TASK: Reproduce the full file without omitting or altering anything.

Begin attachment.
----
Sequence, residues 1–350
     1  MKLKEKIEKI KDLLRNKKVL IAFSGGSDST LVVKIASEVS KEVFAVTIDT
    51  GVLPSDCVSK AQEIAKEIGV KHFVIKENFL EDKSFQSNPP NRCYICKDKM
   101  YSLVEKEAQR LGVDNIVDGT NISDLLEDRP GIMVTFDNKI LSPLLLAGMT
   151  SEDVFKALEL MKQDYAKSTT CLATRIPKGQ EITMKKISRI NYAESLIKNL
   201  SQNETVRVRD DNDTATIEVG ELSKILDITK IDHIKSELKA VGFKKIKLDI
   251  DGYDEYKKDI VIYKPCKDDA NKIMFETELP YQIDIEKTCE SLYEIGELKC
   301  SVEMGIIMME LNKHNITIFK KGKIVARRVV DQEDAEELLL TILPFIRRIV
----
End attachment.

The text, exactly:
Sequence, residues 1–350
     1  MKLKEKIEKI KDLLRNKKVL IAFSGGSDST LVVKIASEVS KEVFAVTIDT
    51  GVLPSDCVSK AQEIAKEIGV KHFVIKENFL EDKSFQSNPP NRCYICKDKM
   101  YSLVEKEAQR LGVDNIVDGT NISDLLEDRP GIMVTFDNKI LSPLLLAGMT
   151  SEDVFKALEL MKQDYAKSTT CLATRIPKGQ EITMKKISRI NYAESLIKNL
   201  SQNETVRVRD DNDTATIEVG ELSKILDITK IDHIKSELKA VGFKKIKLDI
   251  DGYDEYKKDI VIYKPCKDDA NKIMFETELP YQIDIEKTCE SLYEIGELKC
   301  SVEMGIIMME LNKHNITIFK KGKIVARRVV DQEDAEELLL TILPFIRRIV